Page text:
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Many web-based applications are emphasizing sign up forms and hiding log in forms, often placing log in on another page.

I'm under the impression that the majority of users are not first time users, so why wouldn't the logging in be made as fast and easy as signing up?

It seems like it would be better to use an experience more like Amazon.com where the user enters an email and a password and chooses either returning customer or new customer.

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Emphasizing registration is marketing/sales activity, and in terms of sales funnel it is more vital to convert as many as possible first time visitors to registered visitors (because number of first time visitors is always greater than registered).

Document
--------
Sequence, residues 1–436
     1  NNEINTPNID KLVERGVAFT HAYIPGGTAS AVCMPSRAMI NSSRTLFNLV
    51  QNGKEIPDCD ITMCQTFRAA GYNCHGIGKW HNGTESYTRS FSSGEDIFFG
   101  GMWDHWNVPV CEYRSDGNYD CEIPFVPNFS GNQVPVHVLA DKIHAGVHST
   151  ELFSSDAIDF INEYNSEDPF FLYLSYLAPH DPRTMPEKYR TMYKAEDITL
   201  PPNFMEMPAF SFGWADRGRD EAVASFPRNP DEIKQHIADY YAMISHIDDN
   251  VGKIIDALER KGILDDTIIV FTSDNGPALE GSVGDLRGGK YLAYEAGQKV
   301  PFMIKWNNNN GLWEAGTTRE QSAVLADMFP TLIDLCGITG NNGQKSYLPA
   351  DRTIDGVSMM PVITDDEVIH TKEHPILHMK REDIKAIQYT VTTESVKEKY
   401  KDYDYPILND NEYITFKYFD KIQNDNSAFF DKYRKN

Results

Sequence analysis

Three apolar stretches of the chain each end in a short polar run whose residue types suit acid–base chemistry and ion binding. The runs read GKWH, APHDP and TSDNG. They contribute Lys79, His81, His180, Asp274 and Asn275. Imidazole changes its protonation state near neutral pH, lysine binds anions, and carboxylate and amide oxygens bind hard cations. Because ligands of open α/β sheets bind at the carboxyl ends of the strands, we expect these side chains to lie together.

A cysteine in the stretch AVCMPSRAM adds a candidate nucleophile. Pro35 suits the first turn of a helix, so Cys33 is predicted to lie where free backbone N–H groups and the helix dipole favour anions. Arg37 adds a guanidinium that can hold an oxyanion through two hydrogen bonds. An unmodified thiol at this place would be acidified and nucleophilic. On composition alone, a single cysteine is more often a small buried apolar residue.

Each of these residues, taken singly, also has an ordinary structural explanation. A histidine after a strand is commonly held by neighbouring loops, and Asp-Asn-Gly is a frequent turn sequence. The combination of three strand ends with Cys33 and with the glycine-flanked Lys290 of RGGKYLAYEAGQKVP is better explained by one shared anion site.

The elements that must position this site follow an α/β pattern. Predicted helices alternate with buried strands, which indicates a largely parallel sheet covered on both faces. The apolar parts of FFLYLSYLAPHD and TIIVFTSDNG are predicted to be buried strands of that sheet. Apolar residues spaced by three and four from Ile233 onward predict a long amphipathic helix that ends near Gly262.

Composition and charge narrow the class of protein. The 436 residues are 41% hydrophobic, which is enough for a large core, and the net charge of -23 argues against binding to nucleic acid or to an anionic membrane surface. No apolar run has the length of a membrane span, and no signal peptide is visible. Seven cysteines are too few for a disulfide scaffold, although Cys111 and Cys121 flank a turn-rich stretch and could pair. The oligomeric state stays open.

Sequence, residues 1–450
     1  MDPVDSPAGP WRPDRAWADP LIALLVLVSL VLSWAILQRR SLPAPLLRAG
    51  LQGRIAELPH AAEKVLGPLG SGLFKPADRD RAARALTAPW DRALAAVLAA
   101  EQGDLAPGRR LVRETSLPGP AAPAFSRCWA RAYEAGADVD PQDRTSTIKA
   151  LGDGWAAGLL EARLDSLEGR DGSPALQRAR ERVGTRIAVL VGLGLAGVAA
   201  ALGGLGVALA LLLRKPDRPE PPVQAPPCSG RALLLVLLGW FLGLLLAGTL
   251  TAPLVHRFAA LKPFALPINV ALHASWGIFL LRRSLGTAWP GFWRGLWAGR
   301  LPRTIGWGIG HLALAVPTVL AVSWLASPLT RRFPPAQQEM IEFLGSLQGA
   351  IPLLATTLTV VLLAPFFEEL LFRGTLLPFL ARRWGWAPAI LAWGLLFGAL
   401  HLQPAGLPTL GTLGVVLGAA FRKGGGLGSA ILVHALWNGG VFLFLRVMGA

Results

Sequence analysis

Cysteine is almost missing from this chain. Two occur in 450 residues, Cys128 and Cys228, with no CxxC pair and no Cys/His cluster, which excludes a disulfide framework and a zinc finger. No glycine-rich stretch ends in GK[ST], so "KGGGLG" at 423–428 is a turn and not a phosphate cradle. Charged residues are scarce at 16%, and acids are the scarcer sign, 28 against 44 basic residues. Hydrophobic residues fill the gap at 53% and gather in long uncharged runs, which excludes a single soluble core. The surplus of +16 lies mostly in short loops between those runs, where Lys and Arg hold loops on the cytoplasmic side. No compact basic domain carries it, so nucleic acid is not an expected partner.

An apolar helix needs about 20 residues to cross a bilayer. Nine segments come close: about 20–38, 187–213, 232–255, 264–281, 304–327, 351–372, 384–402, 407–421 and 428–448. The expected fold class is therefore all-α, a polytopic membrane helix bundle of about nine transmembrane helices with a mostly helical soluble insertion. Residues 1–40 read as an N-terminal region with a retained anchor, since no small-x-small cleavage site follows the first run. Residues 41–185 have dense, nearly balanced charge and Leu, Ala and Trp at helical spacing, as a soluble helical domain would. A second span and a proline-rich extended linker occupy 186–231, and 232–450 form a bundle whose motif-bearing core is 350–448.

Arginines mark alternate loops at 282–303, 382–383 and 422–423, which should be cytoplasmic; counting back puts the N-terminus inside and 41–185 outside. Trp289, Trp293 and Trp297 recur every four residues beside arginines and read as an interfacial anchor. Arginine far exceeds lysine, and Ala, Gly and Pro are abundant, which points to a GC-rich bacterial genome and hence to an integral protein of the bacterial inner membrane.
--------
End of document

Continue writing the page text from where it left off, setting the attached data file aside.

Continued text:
Registered users, especially regular visitors, usually know the web site itself and the position of log-in form.

So these two reasons make more emphasize on registration and hiding sign in forms.

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    Agree with you, just want add to your reasons another one. Remembering user between visits is quite frequently technique so in many cases the user is auto-logged in next time. Though developers should not rely on this pattern. – Alexey Kolchenko Jun 20 '13 at 5:51
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I'm under the impression that the majority of users are not first time users, so why wouldn't the logging in be made as fast and easy as signing up?

While the majority of users over the whole site may not be first time users, the majority of people hitting the non-logged-in home page may well be. Especially with sites where logins do not persist between visits.

Your analytics should hopefully be able to tell you for sure ;-)

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